Friday, July 24, 2015

album review: 'born in the echoes' by the chemical brothers

I've said in the past that for me, electronic music has been a discovery process in learning to explore and appreciate it - and this year more than ever, I've found more electronic music that I've really loved. But there's always been one big exception to that exploration, one electronic group I've known for years and have really loved, one genre-bending group that's been active since the 90s and has produced more than their fair share of critically acclaimed, absolutely killer records. And no, I'm not talking about Daft Punk.

Nope, I'm talking about The Chemical Brothers, the British electronic duo partially responsible for popularizing the 'big-beat' era in late-90s electronic music and one of the few groups to survive its collapse. Known for their bombast, aggressive sampling, killer grooves, and an uncanny ability to get weird and not implode or disappear up their own asses, The Chemical Brothers' first three albums are damn close to untouchable snapshots of their era, and while the quality got shakier throughout the 2000s as electronic music retreated back into the underground, they still produced quality, especially on the striking return to form Further in 2010.

But let's face it, electronic music is a much different place in 2015 than it even was five years ago. EDM smashed into the mainstream before fragmenting, the festival circuit is increasingly overstuffed, and the Internet is flooded with would-be samplers hoping that their off-beat brand of sampling gathers attention. And to some extent pure aggression isn't going to cut in the same way - while Further holds up a solid five years later with some killer grooves and great crescendos and progressions, it's always interesting to see if the old titans can still crush the David Guettas and Calvin Harrises of the world into the corners where they belong. Did Born In The Echoes pull this off?

Well, in a way it does. Not quite among The Chemical Brothers' best work but still far away from their worst, Born In The Echoes is a tricky album to analyze, mostly because it has the feel of being led headfirst through several walls of jagged, atonal twists and shards of melody. And while there is an arc thematically on this record, sonically it's a fair bit less cohesive than The Chemical Brothers' best work, with plenty of the ragged, roiling muscle but not quite the same flow, a record that if you dig deep does have more experiments but stumbles more often as a result. In other words, definitely a strong record, but comparing to their landmark work in the 90s or to Further, Born In The Echoes does fall a little short, if only by a little.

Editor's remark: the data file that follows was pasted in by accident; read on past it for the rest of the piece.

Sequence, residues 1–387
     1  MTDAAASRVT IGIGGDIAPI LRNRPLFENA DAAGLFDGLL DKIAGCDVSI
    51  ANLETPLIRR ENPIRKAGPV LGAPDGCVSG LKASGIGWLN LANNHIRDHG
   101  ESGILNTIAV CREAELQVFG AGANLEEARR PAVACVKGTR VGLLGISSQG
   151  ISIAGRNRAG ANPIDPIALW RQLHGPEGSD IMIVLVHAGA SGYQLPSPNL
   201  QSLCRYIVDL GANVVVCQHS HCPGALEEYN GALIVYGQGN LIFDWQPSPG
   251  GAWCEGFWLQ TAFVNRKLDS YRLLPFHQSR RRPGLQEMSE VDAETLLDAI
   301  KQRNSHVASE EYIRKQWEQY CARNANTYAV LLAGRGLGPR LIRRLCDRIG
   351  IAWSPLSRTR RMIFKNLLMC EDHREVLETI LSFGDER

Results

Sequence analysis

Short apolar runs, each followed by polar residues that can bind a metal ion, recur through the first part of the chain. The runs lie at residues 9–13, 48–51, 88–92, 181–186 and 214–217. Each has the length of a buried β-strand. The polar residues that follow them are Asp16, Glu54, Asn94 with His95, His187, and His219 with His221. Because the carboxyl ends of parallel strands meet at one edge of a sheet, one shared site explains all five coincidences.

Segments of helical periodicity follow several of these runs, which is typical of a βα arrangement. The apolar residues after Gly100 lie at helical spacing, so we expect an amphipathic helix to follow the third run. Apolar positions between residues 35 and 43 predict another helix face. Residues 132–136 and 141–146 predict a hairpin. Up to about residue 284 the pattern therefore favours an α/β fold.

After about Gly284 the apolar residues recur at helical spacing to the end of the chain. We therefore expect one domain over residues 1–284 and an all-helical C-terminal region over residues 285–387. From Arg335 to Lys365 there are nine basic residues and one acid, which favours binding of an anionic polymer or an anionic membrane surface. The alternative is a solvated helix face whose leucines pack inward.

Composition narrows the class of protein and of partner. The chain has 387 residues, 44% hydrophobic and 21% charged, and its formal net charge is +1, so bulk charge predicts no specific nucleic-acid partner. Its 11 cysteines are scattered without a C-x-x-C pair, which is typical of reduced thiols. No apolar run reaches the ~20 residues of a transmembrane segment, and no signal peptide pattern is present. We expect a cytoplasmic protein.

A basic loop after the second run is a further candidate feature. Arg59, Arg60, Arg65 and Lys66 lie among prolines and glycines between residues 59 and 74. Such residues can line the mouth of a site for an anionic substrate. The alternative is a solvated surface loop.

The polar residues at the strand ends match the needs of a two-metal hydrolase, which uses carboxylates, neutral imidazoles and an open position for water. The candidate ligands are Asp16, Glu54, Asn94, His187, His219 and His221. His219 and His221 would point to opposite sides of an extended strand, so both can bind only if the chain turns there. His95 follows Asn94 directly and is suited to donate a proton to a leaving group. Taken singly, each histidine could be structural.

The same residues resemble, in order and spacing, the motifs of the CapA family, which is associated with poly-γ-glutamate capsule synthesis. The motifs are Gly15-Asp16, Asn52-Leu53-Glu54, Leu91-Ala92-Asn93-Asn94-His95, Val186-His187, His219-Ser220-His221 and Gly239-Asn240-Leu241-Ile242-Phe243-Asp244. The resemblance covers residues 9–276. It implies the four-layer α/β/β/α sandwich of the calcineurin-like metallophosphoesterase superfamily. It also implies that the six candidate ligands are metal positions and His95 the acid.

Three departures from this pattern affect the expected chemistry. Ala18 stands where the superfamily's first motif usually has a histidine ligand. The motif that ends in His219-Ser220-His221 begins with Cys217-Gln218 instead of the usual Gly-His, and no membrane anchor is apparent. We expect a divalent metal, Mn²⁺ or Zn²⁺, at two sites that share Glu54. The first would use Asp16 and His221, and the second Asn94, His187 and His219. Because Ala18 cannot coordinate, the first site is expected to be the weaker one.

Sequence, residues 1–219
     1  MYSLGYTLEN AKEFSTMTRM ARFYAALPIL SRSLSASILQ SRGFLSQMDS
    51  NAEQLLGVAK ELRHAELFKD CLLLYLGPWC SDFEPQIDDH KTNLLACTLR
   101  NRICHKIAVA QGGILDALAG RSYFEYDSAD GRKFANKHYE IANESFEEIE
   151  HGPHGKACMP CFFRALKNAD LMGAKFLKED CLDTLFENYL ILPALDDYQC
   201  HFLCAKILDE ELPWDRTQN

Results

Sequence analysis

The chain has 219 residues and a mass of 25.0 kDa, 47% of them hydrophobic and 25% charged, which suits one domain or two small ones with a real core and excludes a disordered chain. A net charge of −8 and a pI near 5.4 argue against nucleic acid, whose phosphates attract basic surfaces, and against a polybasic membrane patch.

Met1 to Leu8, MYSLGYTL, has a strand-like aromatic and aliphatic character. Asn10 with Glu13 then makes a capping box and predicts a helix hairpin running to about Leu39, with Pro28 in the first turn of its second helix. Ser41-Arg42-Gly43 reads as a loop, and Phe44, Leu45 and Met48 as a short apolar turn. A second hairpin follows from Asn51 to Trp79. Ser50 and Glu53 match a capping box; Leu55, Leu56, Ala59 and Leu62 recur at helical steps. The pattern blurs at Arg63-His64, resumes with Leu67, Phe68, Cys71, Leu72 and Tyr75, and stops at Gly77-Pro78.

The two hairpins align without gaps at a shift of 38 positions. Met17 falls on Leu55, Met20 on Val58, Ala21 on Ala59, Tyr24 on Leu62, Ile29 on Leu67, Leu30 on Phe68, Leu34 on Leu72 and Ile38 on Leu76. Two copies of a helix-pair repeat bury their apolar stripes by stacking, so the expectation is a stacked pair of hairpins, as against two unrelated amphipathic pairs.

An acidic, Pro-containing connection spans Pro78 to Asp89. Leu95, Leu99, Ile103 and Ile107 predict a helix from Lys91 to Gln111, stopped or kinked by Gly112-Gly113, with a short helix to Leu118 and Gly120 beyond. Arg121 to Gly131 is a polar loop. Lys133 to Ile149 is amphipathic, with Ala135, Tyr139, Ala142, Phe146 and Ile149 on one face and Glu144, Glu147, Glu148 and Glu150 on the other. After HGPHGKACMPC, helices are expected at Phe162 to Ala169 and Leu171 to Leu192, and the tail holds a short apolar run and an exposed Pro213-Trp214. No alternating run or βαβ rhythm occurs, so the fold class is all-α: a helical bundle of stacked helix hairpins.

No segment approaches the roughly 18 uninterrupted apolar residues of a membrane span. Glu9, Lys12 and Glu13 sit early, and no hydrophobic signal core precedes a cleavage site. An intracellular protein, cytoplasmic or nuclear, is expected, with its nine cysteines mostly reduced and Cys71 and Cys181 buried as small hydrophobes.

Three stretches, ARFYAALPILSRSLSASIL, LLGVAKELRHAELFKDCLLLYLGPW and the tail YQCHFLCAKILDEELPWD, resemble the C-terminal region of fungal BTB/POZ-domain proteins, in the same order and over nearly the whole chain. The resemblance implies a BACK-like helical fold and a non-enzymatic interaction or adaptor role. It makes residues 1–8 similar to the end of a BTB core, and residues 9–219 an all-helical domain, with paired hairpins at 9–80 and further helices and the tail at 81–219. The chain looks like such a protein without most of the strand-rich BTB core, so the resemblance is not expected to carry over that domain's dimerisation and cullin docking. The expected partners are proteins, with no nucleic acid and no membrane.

So let's start with the meat of this album, the instrumentation and production. Like always, The Chemical Brothers have a knack not just for heavier, more immediate progressions and grooves that demand attention, but the bigger, more spacious production in order to accommodate them, Many of the tracks may begin small, with high or low flutters either in the hollow keys on 'Under Neon Lights' to the more aggressively psychedelic 'I'll See You There' to the tiny insect-like skitter of 'Taste Of Honey', or in the fluttering recorders that open the title track or the tight-as-nails low synth on 'EML Ritual' or the pummeling, noisy drums that open 'Just Bang'. And on each of these segments the Chemical Brothers add layers of textured drums, choppy guitar grooves, or noisy, blaring synth fragments that can feel atonal but focus more on the all-important crescendos that often collapse into windswept, empty backdrops or fragmented, howling breakdowns. And there's an anxious tension that drives the first half of the album so aggressively it almost makes the smoother but still gritty second half worth the cooldown as futuristic synthesizers whirl and fade in and out. And yet despite all of the experimentation, The Chemical Brothers don't shy away from melodic hooks that do stick in the brain - these guys have a pop sensibility, and even when the tones get more abrasive and experimental, the compositions can still grab your attention.